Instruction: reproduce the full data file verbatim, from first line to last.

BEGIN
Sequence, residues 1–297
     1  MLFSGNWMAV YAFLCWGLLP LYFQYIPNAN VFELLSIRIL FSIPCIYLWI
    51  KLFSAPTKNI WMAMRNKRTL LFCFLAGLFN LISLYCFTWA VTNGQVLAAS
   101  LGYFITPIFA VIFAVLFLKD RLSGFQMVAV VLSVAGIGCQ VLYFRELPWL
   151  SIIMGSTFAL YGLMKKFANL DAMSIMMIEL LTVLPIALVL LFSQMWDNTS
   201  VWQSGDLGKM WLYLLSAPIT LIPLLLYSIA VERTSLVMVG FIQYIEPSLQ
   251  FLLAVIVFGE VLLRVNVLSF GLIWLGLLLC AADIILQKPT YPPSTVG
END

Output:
Sequence, residues 1–297
     1  MLFSGNWMAV YAFLCWGLLP LYFQYIPNAN VFELLSIRIL FSIPCIYLWI
    51  KLFSAPTKNI WMAMRNKRTL LFCFLAGLFN LISLYCFTWA VTNGQVLAAS
   101  LGYFITPIFA VIFAVLFLKD RLSGFQMVAV VLSVAGIGCQ VLYFRELPWL
   151  SIIMGSTFAL YGLMKKFANL DAMSIMMIEL LTVLPIALVL LFSQMWDNTS
   201  VWQSGDLGKM WLYLLSAPIT LIPLLLYSIA VERTSLVMVG FIQYIEPSLQ
   251  FLLAVIVFGE VLLRVNVLSF GLIWLGLLLC AADIILQKPT YPPSTVG